This issue needs to be looked into with a view to punishing the culprits. The three ministries, the ministry of environment, finance and local government should do something about it immediately. All right conscience people must condemn this outright fraud by these few selfish people bent on destroying this noble ideal.

We in the League condemn this shameful act intoto and call on the relevant officers to act so as to save the face of the situation.

Gad Peter


Thursday, June 24, 2010


8th June 2010


We observed with utter dismay the upheavals that rocked the city of Jos yesterday the 7th June 2010, which led to the displacement of people; partial collapse of economic activities in the city center; the killing of innocent citizens; and the vandalization of properties.
Every sane human being will condemn in strong terms the way and manner the okada riders resorted to taking the laws into their hands. The action of the Okada riders does not elicit sympathy from us because it smacks of high level of irresponsibility and a gross violation of an existing law. The innocent people killed by the protesters did not enact the law neither were responsible for the enforcement of the law. We candidly and urgently call on the leadership of the okada riders to call their members to order and find alternative means of channeling their grievances and remain law abiding citizens of the state.

In the same vein, we want to condemn in totality the half-hearted action taken by government in trying to enforce the law prohibiting the operation of commercial motor-cycle riders. It is saddening that the will of government is invariably tested without appropriate measures to curtail such brazen effrontery on the government. It is pertinent therefore, that if government lacks the political will to consummate this ban it should restrain from embarking on it than to start something that will cause the dead of innocent people. We are aggrieved at the insensitivity of the government towards the deployment of adequate security personnel to nip the senselessness of the protesters in the bud.

Looking at the volatile nature of the okada riders and their nuisance notoriety, which informed the ban in the first place, government would have been more sensitive in its approach to implementing the ban. We expect that adequate security measures should have been put in place in order to checkmate the activities of the okada riders as this would have averted the chaos that happened in the city of Jos.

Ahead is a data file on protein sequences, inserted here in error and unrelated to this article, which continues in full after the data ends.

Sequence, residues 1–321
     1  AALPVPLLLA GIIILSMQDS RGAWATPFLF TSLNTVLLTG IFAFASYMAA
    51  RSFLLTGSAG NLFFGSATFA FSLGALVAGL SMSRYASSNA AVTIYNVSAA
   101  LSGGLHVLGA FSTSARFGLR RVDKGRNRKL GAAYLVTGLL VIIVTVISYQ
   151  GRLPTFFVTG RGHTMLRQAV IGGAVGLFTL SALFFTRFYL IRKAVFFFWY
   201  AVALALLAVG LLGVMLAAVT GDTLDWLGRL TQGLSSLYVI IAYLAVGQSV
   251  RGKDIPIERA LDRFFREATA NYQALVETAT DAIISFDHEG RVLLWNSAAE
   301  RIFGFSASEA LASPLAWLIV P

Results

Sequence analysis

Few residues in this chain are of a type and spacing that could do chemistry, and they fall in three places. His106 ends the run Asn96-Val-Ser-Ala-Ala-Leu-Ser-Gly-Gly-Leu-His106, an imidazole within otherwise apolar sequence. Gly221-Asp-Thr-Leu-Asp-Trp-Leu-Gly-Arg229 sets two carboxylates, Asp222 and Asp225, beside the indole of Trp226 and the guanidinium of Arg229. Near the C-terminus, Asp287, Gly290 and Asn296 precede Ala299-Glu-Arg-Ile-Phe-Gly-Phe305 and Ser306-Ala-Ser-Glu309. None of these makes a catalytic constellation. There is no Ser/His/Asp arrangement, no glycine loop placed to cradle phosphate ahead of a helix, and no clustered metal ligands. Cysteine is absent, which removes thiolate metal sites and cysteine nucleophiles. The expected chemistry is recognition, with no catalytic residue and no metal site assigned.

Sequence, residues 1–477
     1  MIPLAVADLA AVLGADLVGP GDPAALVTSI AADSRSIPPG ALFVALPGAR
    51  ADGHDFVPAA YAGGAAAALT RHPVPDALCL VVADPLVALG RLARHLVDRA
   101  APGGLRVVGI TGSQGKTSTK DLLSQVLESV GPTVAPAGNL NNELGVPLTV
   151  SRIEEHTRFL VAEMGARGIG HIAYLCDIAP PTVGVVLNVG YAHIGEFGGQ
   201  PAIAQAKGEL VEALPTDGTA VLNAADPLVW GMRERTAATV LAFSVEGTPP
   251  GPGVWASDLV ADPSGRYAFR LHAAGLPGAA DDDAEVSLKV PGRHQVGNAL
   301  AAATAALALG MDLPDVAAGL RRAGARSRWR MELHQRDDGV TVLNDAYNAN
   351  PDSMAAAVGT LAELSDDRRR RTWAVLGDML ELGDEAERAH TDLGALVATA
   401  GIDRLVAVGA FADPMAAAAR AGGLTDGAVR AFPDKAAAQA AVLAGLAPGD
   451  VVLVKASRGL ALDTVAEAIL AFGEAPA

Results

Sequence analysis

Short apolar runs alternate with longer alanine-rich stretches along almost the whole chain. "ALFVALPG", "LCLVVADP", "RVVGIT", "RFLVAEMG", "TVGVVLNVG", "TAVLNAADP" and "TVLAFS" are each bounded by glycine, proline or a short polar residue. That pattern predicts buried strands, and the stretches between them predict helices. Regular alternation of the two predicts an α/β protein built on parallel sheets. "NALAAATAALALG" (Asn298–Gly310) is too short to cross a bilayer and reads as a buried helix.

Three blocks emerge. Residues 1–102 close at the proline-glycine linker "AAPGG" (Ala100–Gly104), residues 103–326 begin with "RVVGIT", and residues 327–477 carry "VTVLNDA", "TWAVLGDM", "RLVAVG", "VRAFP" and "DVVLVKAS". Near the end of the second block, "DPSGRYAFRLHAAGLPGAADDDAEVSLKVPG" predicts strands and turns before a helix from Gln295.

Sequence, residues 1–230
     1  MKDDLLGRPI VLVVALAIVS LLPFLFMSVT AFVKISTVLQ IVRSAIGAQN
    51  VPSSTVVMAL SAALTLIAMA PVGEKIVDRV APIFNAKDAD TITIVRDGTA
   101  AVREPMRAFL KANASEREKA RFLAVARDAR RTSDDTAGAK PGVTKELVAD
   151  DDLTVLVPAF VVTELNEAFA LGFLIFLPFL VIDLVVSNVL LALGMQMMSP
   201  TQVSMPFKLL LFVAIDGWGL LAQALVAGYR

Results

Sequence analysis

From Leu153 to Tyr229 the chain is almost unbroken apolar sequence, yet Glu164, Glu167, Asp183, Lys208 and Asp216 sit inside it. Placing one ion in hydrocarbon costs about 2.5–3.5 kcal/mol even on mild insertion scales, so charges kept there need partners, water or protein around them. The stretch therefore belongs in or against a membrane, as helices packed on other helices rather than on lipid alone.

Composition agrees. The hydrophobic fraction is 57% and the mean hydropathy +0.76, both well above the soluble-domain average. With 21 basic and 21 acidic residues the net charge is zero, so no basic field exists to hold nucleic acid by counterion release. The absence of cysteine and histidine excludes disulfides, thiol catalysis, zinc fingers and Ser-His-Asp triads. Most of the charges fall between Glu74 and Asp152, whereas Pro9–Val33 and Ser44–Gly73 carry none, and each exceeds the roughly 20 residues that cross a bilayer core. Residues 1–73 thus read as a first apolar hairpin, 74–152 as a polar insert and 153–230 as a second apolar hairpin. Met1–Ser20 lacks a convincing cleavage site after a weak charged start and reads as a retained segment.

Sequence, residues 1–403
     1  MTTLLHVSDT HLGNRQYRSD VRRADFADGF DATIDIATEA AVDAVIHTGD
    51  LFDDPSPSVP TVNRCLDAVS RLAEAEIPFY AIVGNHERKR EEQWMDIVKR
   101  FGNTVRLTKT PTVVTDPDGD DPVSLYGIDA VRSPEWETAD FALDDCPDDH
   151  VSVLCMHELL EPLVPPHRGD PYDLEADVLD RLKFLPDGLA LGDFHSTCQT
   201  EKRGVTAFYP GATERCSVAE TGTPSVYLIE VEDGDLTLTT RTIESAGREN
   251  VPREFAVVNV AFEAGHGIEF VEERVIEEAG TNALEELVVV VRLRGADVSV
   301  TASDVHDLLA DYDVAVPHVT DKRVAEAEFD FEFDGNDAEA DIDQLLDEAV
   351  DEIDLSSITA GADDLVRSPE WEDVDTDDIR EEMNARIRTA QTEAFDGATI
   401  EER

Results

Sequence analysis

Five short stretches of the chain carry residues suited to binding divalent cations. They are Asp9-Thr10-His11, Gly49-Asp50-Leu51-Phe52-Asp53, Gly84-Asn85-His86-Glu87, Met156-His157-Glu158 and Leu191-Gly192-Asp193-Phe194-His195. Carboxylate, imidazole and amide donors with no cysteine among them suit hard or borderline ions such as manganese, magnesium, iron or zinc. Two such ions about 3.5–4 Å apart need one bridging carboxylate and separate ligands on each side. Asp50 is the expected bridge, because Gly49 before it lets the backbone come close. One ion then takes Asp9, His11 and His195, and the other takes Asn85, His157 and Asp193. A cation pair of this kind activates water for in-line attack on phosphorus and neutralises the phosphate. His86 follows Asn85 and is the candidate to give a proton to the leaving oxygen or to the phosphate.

When government is implementing its policies, it should be committed in ensuring that it is been enforced to the later instead of half-hearted implementation of policies. In implementing a ban of such it is expected that government provides alternative means of transportation which will ameliorate the suffering imposed by the ban on the citizenry. It is equally envisaged that government would integrate the okada riders through the provision of other sources of livelihood to check the impending negative influence their idleness will bring to the society. But the absence of such remedial policies undermines the effectiveness of the law. It becomes untenable if government puts a show in trying to ban the okada riders and later go to sleep only to be awoken by the same okada riders roaming the street.

This incident has created victims and it would be doubly insensitive on the part of government not to adequately compensate them. Everyone affected by the chaos should be adequately compensated.
The Okada riders should also be warned that there is no justification for flouting the law of the land and those found to have cause the chaos be dealt with accordingly. We also want to put it on notice that government would be held responsible in the event of another breakdown of law and order in the state because what happened yesterday was totally avoidable.

Patience Dassah
Programme Coordinator



10th June 2010


We condemn in strong terms the killing of a police officer and the attack on the places of worship by some hoodlums and commercial motorcyclist in the city of Jos. We observed with dismay, that some unpatriotic citizens have made it a habit that at the slightest provocation, they take the laws into their hands thereby distorting the peace of the state.

We want to use this medium to call with a loud voice on all well meaning Nigerians and religious leaders to condemn in totality these act of lawlessness which is directed at uniform personnel, worship centers and business premises.

To these end we call on the police authority to equip their personnel and to beef-up security at areas which have become flash points and susceptible to incessant attacks. Government should brace up to the challenges the ban has thrown up by tackling the unceasing lawlessness that is becoming the order of the day in the city.

The commercial motorcyclists should bear in mind that the law they are flouting and the law enforcement agencies they are confronting today will be their saving grace tomorrow.
Peace is the only alternative to an orderly society.

Patience Dassah
Programme Coordinator


Friday, March 26, 2010


12th March 2010